A significant segment of our Communications Satellite bandwidth should be allocated as critical intervention to our universities for research and development and massive development of local content which is extremely important and key to our identity and preservation of our culture in the Information Society.

In 2003, Nigeria launched her 1st Satellite in Russia (Nigeriasat-1). It was part of the world-wide Disaster Monitoring Constellation System. The primary objectives of the Nigeriasat-1 were: to give early warning signals of environmental disaster, to help detect and control desertification in the northern part of Nigeria.

and to assist in demographic planning. It   has been proved that in order to establish the relationship between malaria vectors and the environment that breeds malaria and to give early warning signals on future outbreaks of meningitis using remote sensing technology. The remote sensing satellite could also aid in conflict resolution and border disputes by mapping out state and International borders. The Nigeriasat-2, the replacement of Nigeriasat-1 is now in operation.

Also, Nigcomsat-1R, the replacement of the deorbited Nigcomsat-1 launched in 2007 in China has also been launched at no cost to Nigeria to provide the technology needed to bring education to all parts of the country through distant learning. It was based on the Chinese DFH-4 satellite bus, and carries a variety of transponders: its specifications include 4 C-band, 14 Ku-band, 8 Ka-band and 2 L-band.

Several other nations of the world have also launched their communications satellite to support their quest for social economic development. Among these nations are South Korea (1st launch 1992; 12 Communications Satellite deployed; Malaysia (1st launch 1996; 4 Communications Satellite deployed; Singapore (1st launch 1998; 2 Communications Satellite deployed; Egypt (1st launch 1998; 3 Communications Satellite deployed; Taiwan (1st launch 1999; 9 Communications Satellite deployed; South Africa (1st launch 1999; 2 Communications Satellite deployed; Morocco (1st launch 2001; 1 Communications Satellite deployed; Algeria (1st launch 2002; 1 Communications Satellite deployed.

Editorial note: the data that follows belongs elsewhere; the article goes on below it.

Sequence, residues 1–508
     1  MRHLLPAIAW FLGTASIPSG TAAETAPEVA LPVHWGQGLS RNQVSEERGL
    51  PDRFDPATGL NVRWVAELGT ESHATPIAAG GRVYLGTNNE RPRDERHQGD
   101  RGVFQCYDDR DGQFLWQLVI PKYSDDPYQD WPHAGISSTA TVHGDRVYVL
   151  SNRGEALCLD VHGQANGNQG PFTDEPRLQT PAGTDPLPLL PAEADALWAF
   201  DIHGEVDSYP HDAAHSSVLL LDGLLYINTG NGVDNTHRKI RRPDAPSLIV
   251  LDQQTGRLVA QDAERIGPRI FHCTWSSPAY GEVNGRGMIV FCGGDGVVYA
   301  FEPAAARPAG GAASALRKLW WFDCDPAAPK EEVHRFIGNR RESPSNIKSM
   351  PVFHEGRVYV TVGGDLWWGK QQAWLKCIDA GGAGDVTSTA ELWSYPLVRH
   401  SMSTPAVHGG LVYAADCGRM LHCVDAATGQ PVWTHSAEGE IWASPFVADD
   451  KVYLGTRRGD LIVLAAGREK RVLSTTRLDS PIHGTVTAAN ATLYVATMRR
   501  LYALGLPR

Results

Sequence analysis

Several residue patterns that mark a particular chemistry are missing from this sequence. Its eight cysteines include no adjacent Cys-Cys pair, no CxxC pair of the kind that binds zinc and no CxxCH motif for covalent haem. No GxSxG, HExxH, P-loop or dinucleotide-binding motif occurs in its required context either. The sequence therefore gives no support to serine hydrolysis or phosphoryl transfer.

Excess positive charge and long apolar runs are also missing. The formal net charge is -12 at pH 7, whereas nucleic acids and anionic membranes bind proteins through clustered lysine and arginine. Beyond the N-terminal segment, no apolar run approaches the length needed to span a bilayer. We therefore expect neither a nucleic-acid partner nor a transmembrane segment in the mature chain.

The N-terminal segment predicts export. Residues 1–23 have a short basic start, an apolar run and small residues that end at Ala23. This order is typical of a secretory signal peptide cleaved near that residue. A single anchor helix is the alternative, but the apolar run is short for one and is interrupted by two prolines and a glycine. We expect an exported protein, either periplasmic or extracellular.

From the foregoing, if you’re asked the question: Do we Really need a Communications Satellite in Africa? The answer should be yes, of course. WE DO!

But from the above, the issue is beyond just having a Communications Satellite. What we use it to do matters a great deal and how we sustain it and keep it working for the duration of its life cycle (~15years) are very important? While there is great enthusiasm for our new functional Communications Satellite, the challenge of appropriate use for business continuity is critical. Therefore, plans should be commenced as soon as possible for Nigcomsat-2.

Our Security forces should be involved in this venture to meet our long term security need. In fact, they should be involved already based on the mandate of the National Space Research and Development Agency, NASRDA.

Let us not forget that leading nations are spending big on their satellite projects and they do it for results. We too, as we spend big MUST have our sight on the results which should be nothing more than boosting the socio-economic and security well being of our people.

I wholeheartedly therefore assert that we need the Communications Satellite and further support our venture into space.